2020 Is Hindsight – What Do You See?

Jan 7, 2021 | Family, Health & Happiness, The ONE Thing | 0 comments

It’s official. We’ve closed the book on 2020. And while it may have been the strangest, most universally stressful year many of us have ever experienced, it’s also true that each of us can likely look back and recognize that it wasn’t all bad. In fact, a lot of good things emerged from what many of us have coined the “worst year ever.”

This perspective is important to recognize. After all, it’s easier to focus on the negative. Research shows that people tend to recognize and dwell on the negative aspects of our lives more easily and recall them with more detail. As clinical psychologist Noga Zerubavel tells us, “We’ve evolved in a way so that our brains notice problems more effectively than they notice lovely things. So, we need to be deliberate about focusing in on and savoring these positive elements.”

Taking the time to focus on the positive aspects of our lives, however, is good for establishing an optimistic outlook that we can use to tackle the year to come.

Create a Redemptive Narrative

In psychological terms, a “redemptive narrative” is when we take a look at a period of our lives and make an effort to find the silver lining in what we’ve experienced. We can look at the difficulties we faced during, but recognize that, in many cases, they can also be interpreted in a more positive way so that we can truly value what we’ve been through.

As Villanova University researchers Erica Slotter and Deborah Ward explain, “the creation of a redemptive narrative involves actively increasing and enhancing one’s positive emotional experiences derived from an event by engaging in attempts to derive meaning from the event itself.”

There is no denying that the pandemic was a terrible event. However, when we reflect on this period of our lives, we’ll also remember the little wins and moments we wouldn’t have experienced otherwise.

Find the Silver Linings

When I think about the stories of joy that living through 2020 unexpectedly created, my coworker pops into my mind. His baby boy was born not quite 6 months before the pandemic arose. When the world shut down last March, daycare closed too. My coworker and his wife were not alone in their discovery that working full time and caring full time for a baby is a borderline impossible juggling act. But children change so much during those early days. Instead of focusing on the negatives, he thinks back fondly of spending time with his little boy this past year, watching him grow. As he reflected to me, “Without the lockdowns, I wouldn’t have been able to witness some major milestones, like his first steps. Sure, it was hard, but things like that made it all worth it.”

Its moments like these, the silver linings, that can redeem this past year’s narrative.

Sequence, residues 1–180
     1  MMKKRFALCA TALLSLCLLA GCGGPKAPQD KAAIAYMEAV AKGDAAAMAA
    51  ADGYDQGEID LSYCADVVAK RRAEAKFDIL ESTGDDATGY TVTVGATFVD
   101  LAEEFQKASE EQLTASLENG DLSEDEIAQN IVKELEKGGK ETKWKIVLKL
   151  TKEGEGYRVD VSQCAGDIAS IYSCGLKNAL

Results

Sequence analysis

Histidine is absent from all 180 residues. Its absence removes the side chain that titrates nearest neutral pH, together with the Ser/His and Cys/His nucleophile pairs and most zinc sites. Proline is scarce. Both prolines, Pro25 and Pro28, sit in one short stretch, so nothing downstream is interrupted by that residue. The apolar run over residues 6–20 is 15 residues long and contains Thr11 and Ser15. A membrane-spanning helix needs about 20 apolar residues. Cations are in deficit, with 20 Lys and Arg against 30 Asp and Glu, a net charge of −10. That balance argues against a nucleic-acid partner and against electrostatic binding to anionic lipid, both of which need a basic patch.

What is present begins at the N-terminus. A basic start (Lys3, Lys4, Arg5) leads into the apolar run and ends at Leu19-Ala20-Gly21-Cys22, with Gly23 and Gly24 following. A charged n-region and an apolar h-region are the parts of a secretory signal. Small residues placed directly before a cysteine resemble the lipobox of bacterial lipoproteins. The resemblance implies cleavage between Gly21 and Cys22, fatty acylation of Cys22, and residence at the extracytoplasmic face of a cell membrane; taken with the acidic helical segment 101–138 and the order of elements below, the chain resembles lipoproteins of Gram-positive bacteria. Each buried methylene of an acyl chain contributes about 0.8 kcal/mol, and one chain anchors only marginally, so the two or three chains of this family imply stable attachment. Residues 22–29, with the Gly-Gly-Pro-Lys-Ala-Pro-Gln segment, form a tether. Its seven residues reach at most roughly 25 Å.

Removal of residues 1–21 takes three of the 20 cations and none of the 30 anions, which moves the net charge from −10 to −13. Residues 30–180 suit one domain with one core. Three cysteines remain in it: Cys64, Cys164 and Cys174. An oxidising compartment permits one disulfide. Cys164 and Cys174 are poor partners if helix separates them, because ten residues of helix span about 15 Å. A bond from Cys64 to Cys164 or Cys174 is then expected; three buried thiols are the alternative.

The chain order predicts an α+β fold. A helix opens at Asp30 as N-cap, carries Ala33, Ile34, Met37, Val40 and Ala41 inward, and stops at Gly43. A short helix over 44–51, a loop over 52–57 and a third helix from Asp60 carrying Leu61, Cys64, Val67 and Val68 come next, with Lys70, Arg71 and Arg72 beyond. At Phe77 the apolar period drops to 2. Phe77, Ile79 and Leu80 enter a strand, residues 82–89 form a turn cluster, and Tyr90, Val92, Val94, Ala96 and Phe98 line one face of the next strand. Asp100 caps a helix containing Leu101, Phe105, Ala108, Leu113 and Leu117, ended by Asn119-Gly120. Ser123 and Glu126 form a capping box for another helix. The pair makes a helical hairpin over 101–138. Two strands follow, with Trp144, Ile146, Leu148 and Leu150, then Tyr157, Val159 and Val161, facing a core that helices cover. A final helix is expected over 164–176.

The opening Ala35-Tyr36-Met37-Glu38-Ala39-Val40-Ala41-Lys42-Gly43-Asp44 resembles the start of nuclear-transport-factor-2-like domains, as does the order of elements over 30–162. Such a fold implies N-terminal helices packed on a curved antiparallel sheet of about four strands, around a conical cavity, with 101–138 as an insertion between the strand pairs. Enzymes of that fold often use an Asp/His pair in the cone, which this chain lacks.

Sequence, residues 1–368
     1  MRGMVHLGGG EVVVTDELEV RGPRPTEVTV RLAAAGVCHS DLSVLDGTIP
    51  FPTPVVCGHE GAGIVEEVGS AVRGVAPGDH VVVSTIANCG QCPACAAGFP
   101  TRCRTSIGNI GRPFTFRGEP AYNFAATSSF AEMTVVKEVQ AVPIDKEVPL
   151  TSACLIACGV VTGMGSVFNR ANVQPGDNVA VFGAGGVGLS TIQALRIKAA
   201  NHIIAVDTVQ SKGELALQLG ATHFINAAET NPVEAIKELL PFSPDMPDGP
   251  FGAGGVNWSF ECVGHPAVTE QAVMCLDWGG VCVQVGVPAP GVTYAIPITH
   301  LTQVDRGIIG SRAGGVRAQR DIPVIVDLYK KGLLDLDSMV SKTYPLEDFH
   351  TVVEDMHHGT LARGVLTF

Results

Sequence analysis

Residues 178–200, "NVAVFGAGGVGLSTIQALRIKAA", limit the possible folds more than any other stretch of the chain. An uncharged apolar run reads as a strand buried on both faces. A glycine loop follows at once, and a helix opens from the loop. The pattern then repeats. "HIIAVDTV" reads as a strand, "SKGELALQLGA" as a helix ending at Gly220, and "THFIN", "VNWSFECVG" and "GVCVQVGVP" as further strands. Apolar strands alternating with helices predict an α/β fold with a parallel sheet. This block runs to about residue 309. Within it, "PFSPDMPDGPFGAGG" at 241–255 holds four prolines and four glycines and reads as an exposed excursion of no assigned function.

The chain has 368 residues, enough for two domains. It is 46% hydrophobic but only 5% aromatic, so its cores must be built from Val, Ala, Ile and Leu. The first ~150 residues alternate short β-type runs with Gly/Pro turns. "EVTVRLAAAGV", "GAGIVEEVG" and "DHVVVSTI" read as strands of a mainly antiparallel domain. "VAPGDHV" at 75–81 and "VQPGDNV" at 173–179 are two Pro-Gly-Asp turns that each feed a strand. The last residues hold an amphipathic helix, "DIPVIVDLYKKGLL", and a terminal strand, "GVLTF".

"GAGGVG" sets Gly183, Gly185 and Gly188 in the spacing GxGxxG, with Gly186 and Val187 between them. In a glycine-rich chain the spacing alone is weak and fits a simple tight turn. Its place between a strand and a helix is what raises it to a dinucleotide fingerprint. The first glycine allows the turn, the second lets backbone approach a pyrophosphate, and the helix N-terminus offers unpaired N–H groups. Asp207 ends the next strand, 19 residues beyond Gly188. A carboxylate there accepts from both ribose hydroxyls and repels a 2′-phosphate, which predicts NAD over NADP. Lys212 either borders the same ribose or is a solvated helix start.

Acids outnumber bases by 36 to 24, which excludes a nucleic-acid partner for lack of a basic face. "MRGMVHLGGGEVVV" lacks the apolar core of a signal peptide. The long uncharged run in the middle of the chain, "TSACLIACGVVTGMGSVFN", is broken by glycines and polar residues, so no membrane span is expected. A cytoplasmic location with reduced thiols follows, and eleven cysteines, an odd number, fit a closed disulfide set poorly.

I think about my own children similarly. They are both elementary school aged, so I really did grieve all that they were missing out on educationally, emotionally and socially while we stayed home. However, the bond that my kids established with one another while we stayed a small foursome is something that I will always be thankful for. Their private jokes, neighborhood explorations, and almost nightly movie-night sleepovers together are all something that would have likely never occurred if they were able to participate in pre-pandemic life with lives chock full of responsibilities, activities and friends. Living through the pandemic gave them the opportunity to develop their sibling relationship into a close friendship that I am grateful for every day.

The silver linings the pandemic provided us don’t need to only relate to our personal relationships. For many of us, it provided bonus time that we would not have otherwise had the ability to embrace.

Another coworker reflected on the extra time she was getting to spend with her dog. When our offices closed down and we pivoted to working from home, she was able to spend her days working with her dog by her side, which could never happen during a normal day at the office. She says, “He’s an elderly dog now, so I know this time is precious.”

Write Your Own Silver Lining

If you’re having a difficult time finding the positive in this incredibly challenging season of our lives, you could try journaling to help yourself focus on the good that this strange time has brought our way.

Writing our thoughts out and taking account of our days are great ways to channel your thoughts more positively. Berkeley’s Greater Good Science Center suggests this process to help reframe your narrative:

  1. List the things that you feel are worthwhile about your life, no matter how simple they may seem.

Remembering and literally writing out what brings you joy and fulfillment will help you establish a positive state of mind. You may also surprise yourself with a few discoveries!

  1. Then, reflect on a situation that didn’t go your way and write about it.

You don’t have to write much, just a few sentences about what upset you will suffice. The important thing is that in retelling the situation, you’ll be able to feel the emotions that it stirs for you – or help you achieve distance from the actual event by thinking of it as a story.

  1. List things that can help you put the experience in perspective.

Whether it’s finding the bright side of the situation or determining the impact that the experience will have on your life down the road. When you challenge yourself to see a situation differently and focus on appreciating the situation for the unexpected good things it provides, your perspective will change for the better.

What silver linings has the pandemic created for you? Do you have any tips for reframing your narrative into one of redemption? Visit our Community Facebook page and share!